“The men in the house take over the woman’s responsibilities of doing things and they just see how it is from a woman’s perspective  of what they do on the daily,” Mariam Dzyk said when asked how her family celebrates IWD. Dzyk is a Pierce student with immigrant parents who moved from Russia 26 years ago. Despite the years, the tradition of a woman being solely responsible for the household still stands.

The perspective of men on IWD is just as important as women’s. They also play a role in the sense that for a long time, men have had the rights that women are fighting for. Along with women fighting for their basic rights, men are also bringing attention to themselves.

Sophiya Galanesi / Staff Photo
David Karcha shares his perspective from America.

“It’s always been about men, so it’s now shifting that focus equally to both men and women,” said David Karcha, a Pierce student working toward his engineering degree. “It’s changing, with the ‘Me Too’ movement for example. Men can’t get their way with everything now, it’s like to show that they’re limited.” 

Sophiya Galanesi / Staff Photo
Sammy Tang shares his perspective from America.

Another student, Sammy Tang, said, “They (women) don’t have the same things as we (men) do, like equal pay, birth control – and it’s weird that men have a say in everything.” 

To empower women, Tang said, “Ensure that they can have their rights. It’s weird to say this, but I want them to have basic rights.” The goal is not to surpass men, but rather to create an equal playing field.

Students given opportunity to “Fight like a girl”

Self-defense class empowers women

“Fight Like a Girl” is a phrase commonly associated with females being weak and inferior, making them easy targets. Student Life is using that phrase to change that. On March 8, the Lakewood police Department will be bringing their Rape Aggression Defense (RAD) self-defense class to Pierce College.

March 8

Noon - 3 p.m.

Fort Steilacoom Campus

Cascade Building
Performance Lounge

Aidan Helt

[email protected]

Stepping Into the Chinese New Year


How students at Pierce celebrate

Chinese New Year celebrates the beginning of the new year on the Chinese calendar. It is one of the world’s most prominent and celebrated festivals. However, not everyone gets to experience the celebration in their home country. Many students who are studying abroad in the U.S. find ways to celebrate here. 

In an email sent by Erik Gimness, director of Institutional Research at Pierce, he said, “Last year we had 96 international students from China. This year, we have 50 international students from China as of winter quarter. However, we are expecting that number to grow in spring.”

Gimness said, “In general, enrollments vary a bit from year to year, but I would be surprised if by the end of spring quarter we still saw such a large decrease from last year. Also, the International Education program is projecting an increase in spring quarter,” he added.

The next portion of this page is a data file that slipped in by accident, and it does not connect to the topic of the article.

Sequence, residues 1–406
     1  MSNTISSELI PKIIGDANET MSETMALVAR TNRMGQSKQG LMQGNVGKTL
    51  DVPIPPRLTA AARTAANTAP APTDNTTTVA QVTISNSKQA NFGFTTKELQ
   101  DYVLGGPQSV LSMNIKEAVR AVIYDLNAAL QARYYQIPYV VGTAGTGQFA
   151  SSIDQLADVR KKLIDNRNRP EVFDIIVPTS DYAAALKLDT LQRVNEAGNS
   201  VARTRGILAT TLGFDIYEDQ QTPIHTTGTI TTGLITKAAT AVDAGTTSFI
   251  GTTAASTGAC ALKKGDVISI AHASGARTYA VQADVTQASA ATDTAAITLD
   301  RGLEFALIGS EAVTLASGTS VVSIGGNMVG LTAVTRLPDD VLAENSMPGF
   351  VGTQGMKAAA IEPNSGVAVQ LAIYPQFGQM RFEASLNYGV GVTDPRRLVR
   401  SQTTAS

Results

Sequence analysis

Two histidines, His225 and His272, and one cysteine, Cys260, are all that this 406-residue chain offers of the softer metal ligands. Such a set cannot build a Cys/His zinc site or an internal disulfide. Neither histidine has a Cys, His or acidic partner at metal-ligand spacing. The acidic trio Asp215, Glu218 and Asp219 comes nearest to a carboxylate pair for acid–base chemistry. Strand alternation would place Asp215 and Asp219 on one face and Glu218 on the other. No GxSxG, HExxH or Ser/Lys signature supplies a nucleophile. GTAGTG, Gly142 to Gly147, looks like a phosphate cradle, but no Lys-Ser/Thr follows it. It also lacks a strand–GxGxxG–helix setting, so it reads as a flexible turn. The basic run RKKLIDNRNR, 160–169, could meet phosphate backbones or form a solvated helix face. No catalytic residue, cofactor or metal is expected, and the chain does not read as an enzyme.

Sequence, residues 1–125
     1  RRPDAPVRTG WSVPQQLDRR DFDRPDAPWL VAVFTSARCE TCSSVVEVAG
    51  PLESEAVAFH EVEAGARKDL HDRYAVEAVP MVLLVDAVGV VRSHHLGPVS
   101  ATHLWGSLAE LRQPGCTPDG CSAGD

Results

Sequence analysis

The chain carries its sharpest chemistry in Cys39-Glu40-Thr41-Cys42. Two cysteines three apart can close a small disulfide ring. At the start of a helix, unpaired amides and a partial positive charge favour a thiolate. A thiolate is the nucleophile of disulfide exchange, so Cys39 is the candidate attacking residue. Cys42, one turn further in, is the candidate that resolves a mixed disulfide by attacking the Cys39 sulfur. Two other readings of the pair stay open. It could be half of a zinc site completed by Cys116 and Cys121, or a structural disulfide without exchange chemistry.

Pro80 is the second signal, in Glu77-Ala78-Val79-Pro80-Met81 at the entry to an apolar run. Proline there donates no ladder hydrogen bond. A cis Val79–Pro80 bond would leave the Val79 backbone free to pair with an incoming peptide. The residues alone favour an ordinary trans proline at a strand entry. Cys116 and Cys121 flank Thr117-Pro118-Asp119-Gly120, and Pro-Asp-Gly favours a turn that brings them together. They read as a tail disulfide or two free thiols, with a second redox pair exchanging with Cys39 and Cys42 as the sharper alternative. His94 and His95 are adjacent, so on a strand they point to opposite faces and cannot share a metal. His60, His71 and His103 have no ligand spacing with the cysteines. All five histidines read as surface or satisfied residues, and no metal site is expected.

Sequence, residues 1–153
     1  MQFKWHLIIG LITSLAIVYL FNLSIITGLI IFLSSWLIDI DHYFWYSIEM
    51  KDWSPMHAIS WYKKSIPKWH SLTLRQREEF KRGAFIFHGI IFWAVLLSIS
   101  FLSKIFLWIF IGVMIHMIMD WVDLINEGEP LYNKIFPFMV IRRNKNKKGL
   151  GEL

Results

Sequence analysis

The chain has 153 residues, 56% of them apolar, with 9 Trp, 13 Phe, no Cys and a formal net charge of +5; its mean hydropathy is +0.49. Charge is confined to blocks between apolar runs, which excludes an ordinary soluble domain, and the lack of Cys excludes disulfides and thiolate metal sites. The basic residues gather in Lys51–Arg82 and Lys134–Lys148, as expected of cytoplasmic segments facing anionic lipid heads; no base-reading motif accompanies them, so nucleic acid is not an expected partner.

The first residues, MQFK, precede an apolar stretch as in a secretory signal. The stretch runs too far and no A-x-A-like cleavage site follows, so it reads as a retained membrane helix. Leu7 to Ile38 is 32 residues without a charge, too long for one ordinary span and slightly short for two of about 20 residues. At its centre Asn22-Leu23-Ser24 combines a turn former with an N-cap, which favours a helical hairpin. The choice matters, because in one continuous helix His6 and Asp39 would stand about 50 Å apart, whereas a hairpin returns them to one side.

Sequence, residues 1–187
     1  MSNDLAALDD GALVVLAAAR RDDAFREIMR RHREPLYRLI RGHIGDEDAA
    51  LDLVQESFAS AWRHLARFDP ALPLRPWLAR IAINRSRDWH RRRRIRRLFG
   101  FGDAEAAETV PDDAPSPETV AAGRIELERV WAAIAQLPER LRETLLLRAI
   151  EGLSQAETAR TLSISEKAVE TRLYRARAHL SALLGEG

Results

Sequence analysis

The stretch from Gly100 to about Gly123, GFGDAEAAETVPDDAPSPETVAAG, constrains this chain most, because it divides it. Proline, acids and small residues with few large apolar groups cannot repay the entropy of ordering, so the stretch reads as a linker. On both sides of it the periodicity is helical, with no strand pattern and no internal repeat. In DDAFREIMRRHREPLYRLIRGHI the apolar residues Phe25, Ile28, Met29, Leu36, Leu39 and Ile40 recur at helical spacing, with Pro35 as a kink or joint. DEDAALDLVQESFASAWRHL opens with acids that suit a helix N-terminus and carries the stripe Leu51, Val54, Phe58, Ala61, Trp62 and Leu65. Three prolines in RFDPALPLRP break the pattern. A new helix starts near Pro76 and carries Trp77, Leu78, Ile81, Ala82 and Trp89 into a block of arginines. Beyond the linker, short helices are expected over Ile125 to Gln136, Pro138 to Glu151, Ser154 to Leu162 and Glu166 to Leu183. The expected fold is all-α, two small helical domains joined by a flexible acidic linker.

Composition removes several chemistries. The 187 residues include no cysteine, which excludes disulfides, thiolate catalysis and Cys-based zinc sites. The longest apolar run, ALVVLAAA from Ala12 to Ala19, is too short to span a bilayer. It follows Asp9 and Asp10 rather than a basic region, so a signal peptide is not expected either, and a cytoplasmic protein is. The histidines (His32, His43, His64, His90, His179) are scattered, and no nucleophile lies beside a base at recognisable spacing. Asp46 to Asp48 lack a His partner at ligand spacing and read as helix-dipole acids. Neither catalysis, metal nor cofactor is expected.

Karley Wise / Staff Illustration
Tracey Vo’s favorite Chinese New Year tradition is the decorating competition of lucky money. If you win the competition, you can get more lucky money that year.

Although it is not a formal holiday in the U.S., it is still thought of and observed by those who live here from abroad. Two students spoke about their experiences with the holiday back home and what they liked best about it. 

Loan Vo, or “Tracey” as she is known at Pierce, is in her second quarter studying business but thinking about transferring to marketing management. Vo chose to study here at Pierce because she enjoys Washington’s weather, and the classes were convenient for her. 

Vo talked about her fond memories of the holiday. “There’s always the traditional food. Pork and eggs and a special cake is always made,” she said. “There are also lucky wars – competitions that happen throughout the holiday.”  

Sabrina Li, a peer tutor in the tutoring center, is in her third year at Pierce. She is studying business and came to Pierce through the Running Start program. She enjoys being in leadership positions and connecting on campus. Li also observes the holiday here in the states – or tries to, at least. 

Karley Wise / Staff Illustration
Sabrina Li’s favorite Chinese New Year tradition is lucky money, and her favorite symbol is 春, which means “spring.”

“I want to celebrate with my host family, but it’s a little tricky compared to home with all that’s involved,” Li said. “My favorite part back home was being with family and watching the Gala (a Chinese New Year special produced by China Central Television).” Li enjoys being in leadership positions and connecting on campus.

There are, of course, differences between the Chinese New Year and the New Year’s celebrations that are held in the U.S. “It lasts three to four days longer, and there’s ‘lucky money’ (money that is given at the end of competitions to younger people by older people),” Vo said.

“Every Chinese person goes home, it’s really crowded, the businesses close down. The important part (of Chinese New Year) is the unity and love. It has a long, long history,” Li added.

Vo, when asked if she had her favorite things to pick from the holiday, she said, “The food and lucky money and being together with family.”

International Education and ASPIRE Waymakers hosted a Chinese New Year event in the Fireside and Performance lounges. It included additional booths in the hallway.

This year’s theme was Tet 2019 (the Vietnamese New Year), looking at how the Vietnamese culture celebrates the Lunar New Year, which is similar to Chinese New Year. The stage was set up for various performances. There was also food tables featuring Vietnamese food.

Alyssa Donaldson, an ASPIRE coordinator that worked on the event, said, “This is our second time collaborating with International Education. We went with the Vietnamese theme this year because we try to highlight one country’s look on the Lunar New Year and not just one group.”

Art project tables such as calligraphy and origami were also available for the arts-and-crafts-minded.

A kid zone was available during the event for those who had children with them. There was also a K-pop booth.

Karley Wise / Staff Illustration

If you have events you would like to collaborate on with ASPIRE or International Education, contact the International Education department at: [email protected]